When VR and HR Converge: How Virtual Reality Could Change The Human Resources Game

Kevin Cain

Although virtual reality (VR) has been around in one form or another for decades, until recently it seemed more like science fiction than a tool with the potential to become a part of our daily lives. And yet over the last few years, that has all started to change. The release of Oculus Rift headset, for example, garnered tremendous attention, bringing renewed public and private interest to the technology. Meanwhile last year’s Pokmon Go craze, which uses augmented reality (VR’s little brother), added even more fuel to the fire.

Today, virtual reality is a booming business and one that’s set to become part of a $15 billion industry by 2022. And while much of the VR hype in recent years has been around consumer applications like gaming, the reality is that it also has the potential to be a powerful business tool. That’s particularly true when it comes to HR, where it has a number of interesting potential applications.

Bringing VR to HR

For today’s human resources teams, virtual reality could be an effective way to nurture higher levels of engagement, increase productivity and drive greater efficiencies. There are three main ways that it’s poised to do so:

1. Recruiting

One of the biggest hurdles in recruiting is providing candidates with a sense of what it’s like to be a part of your organization. And while they can get some idea of what working for your company is like by coming to your offices in person, that post-interview two-minute office tour you’ve been perfecting may not be enough.

Virtual reality offers a solution. You can invite candidates to experience your company culture on their own time and from the comfort of their home. Doing so not only saves hiring managers time and energy, it also cultivates a rich experience that accurately reflects why your company is such a great place to work. Plus, if you’re looking for a wow factor, creating a VR experience for candidates is sure to pack a big punch and help get them excited about working for your business.

2. Onboarding

Onboarding can be a tedious process. That’s true both for the HR staff responsible for executing onboarding programs and for the new employees who have to sit through them. Hours spent filling out paperwork or reviewing PowerPoint presentations about company policies and procedures don’t necessarily motivate employees or set them up for success.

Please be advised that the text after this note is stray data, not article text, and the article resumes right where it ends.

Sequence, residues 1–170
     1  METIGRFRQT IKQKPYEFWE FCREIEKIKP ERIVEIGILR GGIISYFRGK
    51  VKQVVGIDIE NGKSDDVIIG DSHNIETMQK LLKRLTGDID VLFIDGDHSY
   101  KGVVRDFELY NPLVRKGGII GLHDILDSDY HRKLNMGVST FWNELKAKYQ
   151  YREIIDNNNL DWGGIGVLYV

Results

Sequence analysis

With VR, however, you could not only automate a lot of the onboarding process, but also create a rich, dynamic experience designed to engage your employees. Imagine, for example, if your CEO and other C-level executives had the opportunity to introduce themselves and offer a personal welcome. Or what if you could give each employee a guided tour of your facilities or present an interactive experience to convey the past, present and future story of your business? Either way, it represents a quantum leap forward in terms of engaging new employees and starting them off on the right foot.

3. Training

Another big opportunity for virtual reality comes in the form of training. With VR you can simulate realistic scenarios in which people can learn with no consequences if they make a mistake. For instance, you could train a customer service representative on how to deal with a disgruntled customer or teach a pilot how to navigate the latest commercial airplanes. Make a mistake and you simply start over again and keep practicing until you get it right. NASA, for example, has been using VR to train its astronauts for some time. In fact, NASA astronauts have already been to Mars (with VR), learning how to operate rovers using the Oculus Rift.

Other training applications may be much less technical. Some companies see opportunities to develop much more engaging HR training experiences around topics like diversity and sexual harassment, where employees are exposed to first-hand experiences through virtual reality to help them better understand common workplace issues.

VR Is Poised to Empower HR

Another big HR win that virtual reality presents is being able to engage remote workers who may otherwise never come to your office. With the right VR experience, they could easily be made to feel like they’re physically in your office, even if they’re working remotely on the other side of the world.

While virtual reality is just in its infancy in terms of becoming a widespread business tool, savvy companies will increasingly use it to help differentiate themselves. For the HR function, in particular, this technology represents an exciting opportunity to find new ways to engage current and prospective employees.

To learn more about how independent specialists or a boutique firms can help your HR team execute on strategic programs using the latest technological advancements, download our whitepaper on winning with an agile workforce.